The ECG should give proper explanation to the whole country on the way they bill consumers be it prepaid or credit meters. While this metering circus continues some meter readers go round telling consumers with working meters they can reduce their billing provided they give them cash under the table. The households and businesses that do not give such bribes are made to suffer by way of the "meter reader" inflating their rates by not less than 100 percent as in the above instance. This has become possible because meter readers go to homes and do their readings in their books but refuse to write such readings onto the log sheet of the consumer. Hence, the numerous cases of billings that bear the letter "E," which stands for estimate on a flat rate bill. Similar to this bill of January 7, 2009 which read 11993E (Present) and 11843E (Past) with a unit/rate of 150. Whereas, in the February the unit/rate rose to 400. My question how on earth should a meter that is being read not to represent the actual but an estimate. I will recommend strongly that the use of "E" or estimate should hence forth be discontinued in the vocabulary of the ECG. If anything at all above consumer should have had his bills reduced under the circumstances that three adults have rather ceased to live in the house because they are currently domicile abroad. Therefore, not only a lesser number of people live in the house but they return only to sleep at night after work. In view of all these problems I will suggest the introduction of migration from ripple to smartmetering in the future although a bit costly. where the consumers will be in the fullest control of what is used and are able to turnof all power, then turn it on as and when necessary.

It is unthinkable that electricity suppliers anywhere would make losses. But in Ghana this is what the ECG has made us to believe, even in the wake of such arbitrariness in their billing operations. Following the rampant power cuts and power surges which have caused a lot of destruction no one has been able to hold the ECG responsible. There was an attempt to take the ECG to court in the case of a Law Lecturer, Mr. Ernest Kofi Abotsi of KNUST in Kumasi but the case is inconclusive yet. Last year in New Zealand for instance when the preschool teacher was killed, Mercury Energy had to pay dearly an undisclosed sum that could have run into a million dollars of compensation in a civil suit. "The New Zealand mother-of-four Folole Muliaga, 44, died on May 29, 2007 three hours after a contractor working for the Mercury Energy power company cut off the electricity supply to her South Auckland home because the family was late in paying a $168.40 power bill. The action rendered Muliaga’s electrically-operated oxygen machine useless."Again in Ghana we have such laws, regulatory bodies and even civil society organisations have been unable to compel the ECG to account for the numerous deaths as a result of power cuts in our hospitals. When I lived in New Zealand there was not a single cut in electricity. Apart from Mercury Energy, there are the Contact and Meridian energy companies too that I know have been providing electricity in the South Island. These are electricity companies that discount bills for consumers year on year when electricity production is in excess. The ECG of Ghana just aims at increasing electricity rates at every whim instead of focusing on reliable power supply at cheaper rate.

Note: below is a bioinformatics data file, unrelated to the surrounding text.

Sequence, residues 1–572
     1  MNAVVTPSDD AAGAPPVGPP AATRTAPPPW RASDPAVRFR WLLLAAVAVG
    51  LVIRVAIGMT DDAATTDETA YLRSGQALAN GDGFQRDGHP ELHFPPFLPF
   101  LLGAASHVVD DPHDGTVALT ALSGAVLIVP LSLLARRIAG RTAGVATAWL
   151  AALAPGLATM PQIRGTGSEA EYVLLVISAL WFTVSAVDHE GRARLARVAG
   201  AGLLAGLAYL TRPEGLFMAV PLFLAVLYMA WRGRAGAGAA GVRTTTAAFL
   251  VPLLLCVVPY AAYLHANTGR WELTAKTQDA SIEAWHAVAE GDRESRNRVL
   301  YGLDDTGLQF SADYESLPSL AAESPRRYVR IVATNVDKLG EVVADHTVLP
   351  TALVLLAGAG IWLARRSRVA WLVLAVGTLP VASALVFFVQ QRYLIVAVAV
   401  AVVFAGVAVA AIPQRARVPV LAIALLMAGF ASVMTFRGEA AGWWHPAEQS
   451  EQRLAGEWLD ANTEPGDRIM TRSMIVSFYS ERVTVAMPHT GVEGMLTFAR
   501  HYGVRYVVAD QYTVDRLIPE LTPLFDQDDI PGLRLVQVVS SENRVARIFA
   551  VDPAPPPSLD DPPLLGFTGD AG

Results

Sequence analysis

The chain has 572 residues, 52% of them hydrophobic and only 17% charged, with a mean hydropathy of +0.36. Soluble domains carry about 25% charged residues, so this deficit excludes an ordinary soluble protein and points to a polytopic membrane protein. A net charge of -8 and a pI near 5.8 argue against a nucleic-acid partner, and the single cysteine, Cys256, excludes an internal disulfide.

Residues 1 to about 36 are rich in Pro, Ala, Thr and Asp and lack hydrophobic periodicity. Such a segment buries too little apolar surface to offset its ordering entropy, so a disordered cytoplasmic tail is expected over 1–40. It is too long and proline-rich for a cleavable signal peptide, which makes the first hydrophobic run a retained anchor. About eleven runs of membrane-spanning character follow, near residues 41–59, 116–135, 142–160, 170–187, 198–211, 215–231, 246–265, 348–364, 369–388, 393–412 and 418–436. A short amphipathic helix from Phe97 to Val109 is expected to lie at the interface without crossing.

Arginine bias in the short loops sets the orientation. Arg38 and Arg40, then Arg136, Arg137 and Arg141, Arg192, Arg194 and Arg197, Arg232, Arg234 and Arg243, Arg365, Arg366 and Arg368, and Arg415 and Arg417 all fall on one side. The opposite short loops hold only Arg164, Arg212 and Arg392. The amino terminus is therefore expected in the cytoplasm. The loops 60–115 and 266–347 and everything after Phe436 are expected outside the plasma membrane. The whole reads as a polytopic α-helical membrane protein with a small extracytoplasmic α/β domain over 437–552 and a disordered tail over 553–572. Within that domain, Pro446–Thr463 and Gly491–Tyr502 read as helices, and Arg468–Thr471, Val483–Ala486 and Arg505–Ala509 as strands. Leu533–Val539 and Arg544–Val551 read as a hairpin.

In conclusion, I am saying we should develop innovative ways that will make credit meters mutually beneficial to consumers and the electricity company in a manner similar to how cellphones are used to build credit and access credit scores for residents in the USA. This enables people to access various things, like acquiring a home or renting a house. In this regard we need the establishment of a privately funded credit reference bureau will be appropriate and a show of innovation from banks. Consumers should be assured of accessing bank loans just as settling their bills on time. In the same vein the ECG will benefit from receiving timely payment for bills and bring about improvements in tax collection. These activities will unleash the synergies of the society for development.